Dean Hare, Associated Press
Washington State quarterback Connor Halliday (12) completes this pass for a 17-yard touchdown to wide receiver Isiah Barton while protected by running back Rickey Galvin (5) and right tackle Dan Spitz (71) during the second half of an NCAA college football game against Arizona State, Saturday, Nov. 12, 2011, in Pullman, Wash. Halliday was 27-of-36 attempts, with four touchdowns and zero interceptions as Washington State won 37-27.

PULLMAN, Wash. — For one game at least, Washington State freshman Connor Halliday looked like the best quarterback in the Pac-12.

Halliday was 27 of 36 for 494 yards and four touchdowns with no interceptions in Saturday's win over Arizona State, shattering team and league records during the first significant playing time of his career. It was the most prolific passing performance in the Pac-12 this season and the 10th-highest total in league history.

"He's got a great knack," coach Paul Wulff said. "But it's one game. I'm not going to anoint him (an Andrew) Luck yet because that's not my style. He's got a lot of growing to do."

Halliday was named the Pac-12 offensive player of the week after throwing for the most yards ever posted by a freshman quarterback in the conference. He also broke the Washington State freshman record of 385 held by Drew Bledsoe.

Oh, and Halliday didn't even start the game.

The plan was to have him enter in the third series in place of Marshall Lobbestael, play a couple of series and then likely come out.

"We planned on the third series but I told him, 'If Marshall comes out and scores five series in a row, you ain't playing,'" offensive coordinator Todd Sturdy said.

Halliday confounded that plan by hitting Marquess Wilson for an 85-yard touchdown strike with his first pass.

"We've been looking to run that play for about five weeks now and we finally got the look," Halliday said. "How lucky can you be? Your pretty much first meaningful college snap and you've got a guy running wide open down the field."

Halliday will start this Saturday against Utah (6-4, 3-4 Pac-12).

"That's a career day for a lot of guys and those were his numbers after his first opportunity," said Utah coach Kyle Whittingham.

With receivers Wilson, Isiah Barton and Jared Karstetter making circus catches, the Cougars (4-6, 2-5 Pac-12) beat Arizona State 37-27 to keep their bowl hopes alive with two games left.

"You get on a roll and your confidence starts growing, you just start making plays," Wulff said. "Sometimes certain people give you more confidence the way they play."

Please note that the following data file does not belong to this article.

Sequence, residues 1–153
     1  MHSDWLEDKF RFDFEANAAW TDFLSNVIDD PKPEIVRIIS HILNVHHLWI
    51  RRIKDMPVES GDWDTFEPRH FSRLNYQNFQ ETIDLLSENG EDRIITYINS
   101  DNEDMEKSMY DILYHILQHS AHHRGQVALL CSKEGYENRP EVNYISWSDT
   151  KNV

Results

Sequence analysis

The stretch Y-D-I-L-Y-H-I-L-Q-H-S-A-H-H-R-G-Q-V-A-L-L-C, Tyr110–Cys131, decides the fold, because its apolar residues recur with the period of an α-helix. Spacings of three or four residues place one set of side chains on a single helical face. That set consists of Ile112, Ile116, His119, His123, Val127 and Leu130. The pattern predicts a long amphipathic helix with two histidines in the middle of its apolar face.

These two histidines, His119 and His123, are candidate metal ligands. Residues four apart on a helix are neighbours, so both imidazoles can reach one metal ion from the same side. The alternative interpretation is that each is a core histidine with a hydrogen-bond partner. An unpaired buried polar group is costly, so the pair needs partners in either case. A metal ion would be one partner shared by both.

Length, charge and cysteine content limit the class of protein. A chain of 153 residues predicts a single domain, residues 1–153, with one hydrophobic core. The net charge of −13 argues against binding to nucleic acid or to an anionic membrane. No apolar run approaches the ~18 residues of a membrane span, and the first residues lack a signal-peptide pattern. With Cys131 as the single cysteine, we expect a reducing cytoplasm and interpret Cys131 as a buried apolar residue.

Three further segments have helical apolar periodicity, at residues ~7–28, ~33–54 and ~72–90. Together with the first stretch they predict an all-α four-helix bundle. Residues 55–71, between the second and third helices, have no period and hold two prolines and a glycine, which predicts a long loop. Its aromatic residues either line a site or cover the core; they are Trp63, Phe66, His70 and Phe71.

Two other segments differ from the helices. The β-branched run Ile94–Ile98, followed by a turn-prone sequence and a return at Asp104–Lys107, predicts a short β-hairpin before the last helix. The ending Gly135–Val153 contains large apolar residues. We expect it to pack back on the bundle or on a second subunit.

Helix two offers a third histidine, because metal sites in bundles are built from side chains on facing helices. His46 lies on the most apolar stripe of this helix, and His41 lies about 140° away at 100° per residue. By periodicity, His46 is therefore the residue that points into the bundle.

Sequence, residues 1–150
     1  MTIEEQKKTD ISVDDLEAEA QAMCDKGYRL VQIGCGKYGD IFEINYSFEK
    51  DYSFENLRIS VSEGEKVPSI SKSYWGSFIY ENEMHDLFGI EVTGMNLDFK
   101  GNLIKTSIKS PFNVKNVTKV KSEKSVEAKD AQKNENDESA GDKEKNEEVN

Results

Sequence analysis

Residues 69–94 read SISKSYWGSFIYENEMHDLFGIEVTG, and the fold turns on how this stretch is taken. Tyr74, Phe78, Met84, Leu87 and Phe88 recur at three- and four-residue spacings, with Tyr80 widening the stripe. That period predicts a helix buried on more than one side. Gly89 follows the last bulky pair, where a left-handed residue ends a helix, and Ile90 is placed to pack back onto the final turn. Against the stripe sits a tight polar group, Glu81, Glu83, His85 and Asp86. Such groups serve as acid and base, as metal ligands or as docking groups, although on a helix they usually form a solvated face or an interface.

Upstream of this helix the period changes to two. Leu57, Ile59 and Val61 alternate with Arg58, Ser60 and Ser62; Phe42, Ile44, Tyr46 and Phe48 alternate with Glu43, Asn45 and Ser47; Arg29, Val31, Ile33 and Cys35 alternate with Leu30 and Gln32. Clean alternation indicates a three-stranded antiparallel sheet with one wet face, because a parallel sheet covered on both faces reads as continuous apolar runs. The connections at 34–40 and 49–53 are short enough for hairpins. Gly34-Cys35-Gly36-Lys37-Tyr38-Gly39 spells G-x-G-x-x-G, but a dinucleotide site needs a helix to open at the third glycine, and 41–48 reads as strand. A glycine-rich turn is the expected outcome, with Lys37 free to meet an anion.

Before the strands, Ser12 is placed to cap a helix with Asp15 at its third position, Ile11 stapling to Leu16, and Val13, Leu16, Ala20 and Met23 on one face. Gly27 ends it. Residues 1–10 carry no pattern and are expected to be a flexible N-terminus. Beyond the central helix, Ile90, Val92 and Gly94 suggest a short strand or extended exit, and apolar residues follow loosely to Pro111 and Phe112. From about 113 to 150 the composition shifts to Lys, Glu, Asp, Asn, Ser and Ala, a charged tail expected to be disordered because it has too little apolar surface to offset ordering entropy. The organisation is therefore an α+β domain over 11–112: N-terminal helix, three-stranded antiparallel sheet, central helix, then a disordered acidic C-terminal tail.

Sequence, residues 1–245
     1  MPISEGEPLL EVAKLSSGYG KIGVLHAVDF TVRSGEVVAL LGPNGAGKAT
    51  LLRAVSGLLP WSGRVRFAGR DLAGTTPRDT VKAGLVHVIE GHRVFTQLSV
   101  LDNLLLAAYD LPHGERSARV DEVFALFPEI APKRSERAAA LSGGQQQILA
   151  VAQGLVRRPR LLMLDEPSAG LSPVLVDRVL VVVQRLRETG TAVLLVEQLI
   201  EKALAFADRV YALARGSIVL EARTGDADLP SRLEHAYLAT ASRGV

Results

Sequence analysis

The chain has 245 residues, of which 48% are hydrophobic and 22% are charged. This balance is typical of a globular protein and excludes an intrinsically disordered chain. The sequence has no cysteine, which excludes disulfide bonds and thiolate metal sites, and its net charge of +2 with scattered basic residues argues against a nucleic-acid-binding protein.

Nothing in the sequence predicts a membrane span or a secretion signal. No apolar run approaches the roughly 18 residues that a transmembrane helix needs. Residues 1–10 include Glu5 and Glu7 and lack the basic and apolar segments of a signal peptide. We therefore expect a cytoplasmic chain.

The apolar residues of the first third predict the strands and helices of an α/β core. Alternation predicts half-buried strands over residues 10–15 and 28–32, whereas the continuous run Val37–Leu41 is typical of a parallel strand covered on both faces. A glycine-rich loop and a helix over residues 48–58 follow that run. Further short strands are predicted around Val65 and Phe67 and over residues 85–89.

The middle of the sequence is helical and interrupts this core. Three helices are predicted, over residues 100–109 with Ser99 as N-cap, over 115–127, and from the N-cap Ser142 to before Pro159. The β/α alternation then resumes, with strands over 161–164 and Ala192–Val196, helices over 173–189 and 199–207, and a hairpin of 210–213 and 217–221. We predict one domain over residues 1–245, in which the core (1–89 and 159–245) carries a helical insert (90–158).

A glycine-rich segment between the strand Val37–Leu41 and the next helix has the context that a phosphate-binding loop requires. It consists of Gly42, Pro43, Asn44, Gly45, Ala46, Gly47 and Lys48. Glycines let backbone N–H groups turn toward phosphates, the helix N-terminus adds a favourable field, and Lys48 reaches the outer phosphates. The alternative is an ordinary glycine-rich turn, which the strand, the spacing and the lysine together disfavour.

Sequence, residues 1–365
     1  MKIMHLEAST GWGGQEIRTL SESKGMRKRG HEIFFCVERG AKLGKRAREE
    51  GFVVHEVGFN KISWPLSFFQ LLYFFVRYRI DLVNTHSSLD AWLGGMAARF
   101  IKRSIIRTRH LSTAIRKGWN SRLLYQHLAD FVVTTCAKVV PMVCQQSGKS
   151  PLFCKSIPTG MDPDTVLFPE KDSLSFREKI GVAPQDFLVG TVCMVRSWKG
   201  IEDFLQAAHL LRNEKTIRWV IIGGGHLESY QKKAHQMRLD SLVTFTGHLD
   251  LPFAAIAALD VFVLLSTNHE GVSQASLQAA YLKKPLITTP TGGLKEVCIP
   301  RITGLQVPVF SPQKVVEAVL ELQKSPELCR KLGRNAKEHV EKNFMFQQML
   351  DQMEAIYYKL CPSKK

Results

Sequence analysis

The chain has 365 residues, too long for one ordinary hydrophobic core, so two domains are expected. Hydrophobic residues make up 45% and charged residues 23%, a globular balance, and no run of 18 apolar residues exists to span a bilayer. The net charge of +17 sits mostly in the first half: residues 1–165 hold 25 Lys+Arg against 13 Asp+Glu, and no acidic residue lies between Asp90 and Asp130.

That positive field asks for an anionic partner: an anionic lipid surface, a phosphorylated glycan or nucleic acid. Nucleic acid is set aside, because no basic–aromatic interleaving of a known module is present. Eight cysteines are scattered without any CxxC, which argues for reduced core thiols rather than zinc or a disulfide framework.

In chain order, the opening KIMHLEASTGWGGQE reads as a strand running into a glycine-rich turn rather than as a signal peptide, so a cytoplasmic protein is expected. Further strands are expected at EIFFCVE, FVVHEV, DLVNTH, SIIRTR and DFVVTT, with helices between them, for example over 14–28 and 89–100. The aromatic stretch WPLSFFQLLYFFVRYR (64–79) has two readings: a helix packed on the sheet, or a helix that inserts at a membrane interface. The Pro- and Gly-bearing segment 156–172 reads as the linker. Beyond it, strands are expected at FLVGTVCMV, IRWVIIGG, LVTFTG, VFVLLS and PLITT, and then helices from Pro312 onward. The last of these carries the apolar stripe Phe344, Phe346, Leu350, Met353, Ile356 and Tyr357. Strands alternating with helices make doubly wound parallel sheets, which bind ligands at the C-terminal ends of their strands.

Halliday is from Ferris High in Spokane and he redshirted last year. Heading into the Arizona State contest, he had appeared in two games, completing 11 of 19 passes for 177 yards and three touchdowns

Sturdy said Halliday had been struggling to learn the WSU offense earlier in the season, but had come on strong in practice the past few weeks.

Wulff said Halliday throws a particularly "catchable ball."

"It looked comfortable out there, didn't it?" said Wulff.

The quarterback position has been anything but settled at WSU this season. Projected starter Jeff Tuel fractured his collarbone on his first series of the season and has played only sporadically since. Lobbestael, who expected little playing time, has played well in eight starts but didn't have the running or throwing ability of the others.

Halliday benefited from a huge day by the receivers, who had been plagued by dropped passes in recent weeks.

Wilson caught eight passes for 223 yards and three touchdowns. The sophomore has surpassed 1,000 yards receiving in each of his two seasons. Wilson's 1,197 yards receiving this season are a team record and he still has two games left.

"He did a phenomenal job," Wilson said of Halliday. "He was reading pockets and making the right throws."

Barton added 155 yards on seven receptions, while Karstetter — Halliday's high school teammate — caught six for 63 yards.

Wulff will be watching closely this weekend to see how Halliday responds to the pressure of being No. 1 on the depth chart.

"There is a difference and it's always a concern," Wulff said. "You are a little more relaxed coming off the bench."

"But he's got to get that first start sometime," Wulff said.